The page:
After glue up it was time to trim the excess tail material.  More than your usual 1/32″ or so due to the angles that were cut on the side pieces of Wenge.  Spalted Maple is difficult to cut cleanly, even with a freshly sharpened paring chisel with a 20° bevel.  It tends to “chunk out” so after cutting as closely as I dared it was time to do some sanding — happy to report that all went well.  Mortises were cut for the stop hinges as well as the lid lift which was actually a cut-off from the sides.  I used every bit of the wood I could for this project.

Another request from the client was for a tray, this was made from the last piece of Spalted Maple I had and you can see the grain is much more pronounced.  Just enough to make a square tray for it using mitered joinery and the packaging tape assembly method.  A 3/16″ piece of plywood for the bottom sits in a groove made with the plow plane.  The tray and the bottom of the main box were lined with burgundy velvet.

Counter bored hole for silicone pad, notice the cathedral grain on the Wenge caused by cutting the angle — like it!

The only request that wasn’t met was an engraved nameplate of sterling silver.  After checking numerous local trophy shops, on line jewelers, and Etsy shops I was unable to find someone capable of engraving it.  My client settled for a standard, silver (aluminum) plaque from a local shop.  Apparently sterling is difficult to engrave but can be sand blasted or cut with a laser.  Seems it just doesn’t do well with automated processes.  The finish on this project is platinum shellac and wax.  The process used to attach the silicone feet was changed for this box.  Rather than just stick them on and run the risk of them being knocked off a flat bottomed hole was drilled into the bottom first and then a spot of crazy glue added to help keep it in place.  It also lowers the box a bit which I like.

So, thanks to USPS Priority mail this project arrived safely three days after being brought  to  the Post Office.  My client was very happy with this project and really, isn’t that what creating these things is all about?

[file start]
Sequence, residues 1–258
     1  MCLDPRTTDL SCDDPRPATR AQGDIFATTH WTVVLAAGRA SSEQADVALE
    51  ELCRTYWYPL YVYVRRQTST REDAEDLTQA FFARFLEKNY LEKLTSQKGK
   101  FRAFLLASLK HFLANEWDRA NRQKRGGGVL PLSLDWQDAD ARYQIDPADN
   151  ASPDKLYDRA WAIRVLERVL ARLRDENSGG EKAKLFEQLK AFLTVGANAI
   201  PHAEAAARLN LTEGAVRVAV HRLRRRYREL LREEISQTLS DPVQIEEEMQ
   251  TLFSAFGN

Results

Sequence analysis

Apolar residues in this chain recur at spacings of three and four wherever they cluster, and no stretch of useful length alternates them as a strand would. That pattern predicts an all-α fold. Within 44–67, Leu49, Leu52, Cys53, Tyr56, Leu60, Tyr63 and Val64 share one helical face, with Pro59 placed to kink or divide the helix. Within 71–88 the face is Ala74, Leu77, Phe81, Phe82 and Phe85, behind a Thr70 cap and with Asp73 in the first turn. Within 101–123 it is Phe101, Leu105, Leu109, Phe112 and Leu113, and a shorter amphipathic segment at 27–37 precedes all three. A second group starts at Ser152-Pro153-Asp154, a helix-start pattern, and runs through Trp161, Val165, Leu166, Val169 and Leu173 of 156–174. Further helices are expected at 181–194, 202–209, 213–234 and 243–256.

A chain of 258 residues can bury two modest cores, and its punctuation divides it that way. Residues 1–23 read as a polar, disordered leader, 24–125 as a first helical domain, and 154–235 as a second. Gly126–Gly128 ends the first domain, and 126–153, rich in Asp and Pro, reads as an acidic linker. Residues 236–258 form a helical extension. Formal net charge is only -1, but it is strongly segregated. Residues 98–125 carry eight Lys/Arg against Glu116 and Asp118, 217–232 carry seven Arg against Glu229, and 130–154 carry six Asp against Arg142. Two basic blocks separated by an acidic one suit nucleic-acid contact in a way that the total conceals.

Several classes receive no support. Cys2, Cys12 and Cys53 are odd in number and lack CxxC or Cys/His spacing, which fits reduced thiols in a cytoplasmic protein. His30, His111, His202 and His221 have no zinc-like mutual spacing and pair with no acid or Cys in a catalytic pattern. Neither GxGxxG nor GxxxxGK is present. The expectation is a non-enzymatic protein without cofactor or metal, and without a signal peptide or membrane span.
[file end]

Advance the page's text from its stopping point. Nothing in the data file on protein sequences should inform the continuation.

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Keepsake Box: Wenge & Spalted Maple

It’s been over a month since my latest blog and that’s partially due to our summer schedule but also my latest Etsy commission is one that my client didn’t want to see until it was complete.  Here’s a picture of the completed box, let me share the backstory and creation of this piece.  I connected with a friend of mine from high school (50 years back!) on Facebook.  He likes my work so asked me about creating a keepsake box for him and his wife to replace a sterling silver one they lost in a fire, along with pretty much all of their other worldly possessions.  He gave me approximate size and a few things he’s like to have but then gave me artistic license to create something suitable.  This has happened a few times before and in a way, it puts a bit more pressure on my design and esthetics.  I knew I wanted to use hand cut dovetails since they are a benchmark of woodworking and something I incorporate in much of my work.

Re-Sawing Spalted Maple

I looked around through the meager wood supply I had (much was given away prior to our move) and found a choice piece of Spalted Maple and also some Wenge.  The size of these pieces determined the size of the box but also added some stress to the project knowing that if I made a mistake or the wood decided to crack or show some flaws there was no extra material or back up plan.  The Spalted Maple yielded enough 5/8″ thick pieces for the sides and top — awesome seeing that figure appear with each slice!  After running it through the planer the surface was finished off with a smooth plane.  The Wenge was then cut in half and; you may notice, a slight chamfered cut was made on the outside of each piece.  This created a little bit of cathedral grain on the sides of the box.  That wood tends to splinter and not plane cleanly no matter how sharp the blade was or how tight the mouth of the plane was adjusted to — sanding required on this piece of wood.

Plowing the bottom groove, notice the lipped area for the dovetails

Once the pieces were prepared and sized it was time to begin the joinery.  As is my habit, I employ the Stanley 140 trick for the sides, that was cut with the skewed rabbet plane.  Then a groove was made for the bottom with the plow plane.  Planing a wood like Spalted Maple is different since the “splatedness” is really fungous so no real grain direction to be had.  Luckily on these pieces a groove was formed.

Now it’s time to cut the dovetails, since I’m a “tails first” person that was the first step after figuring out how the layout should be.  The challenge was knowing the areas that had a lot of that “spaltedness” weren’t the strongest the layout had to be designed with that in mind.  Too much trial fitting could lead to failure of the joint which encouraged me to be as accurate as possible.  Cutting the pins on the Wenge was tough, needless to say the chisels all needed to be sharpened after this project.

After preparing all of the joinery it was time for glue up — always stressful right fellow woodworkers?  I believe it was Tage Frid who said a dovetail should only go together completely once and that was during final assembly.  Fitting bottoms usually finds me completely assembling a project more than once but due to the fragile nature of the Spalted Maple I controlled myself on this project.  My glue of choice is generally Old Brown Glue which is a liquid hide product.  Due to the oily nature of the Wenge, Gorilla glue was used instead.  Glue up was successful so I’ll leave the final details for my next blog.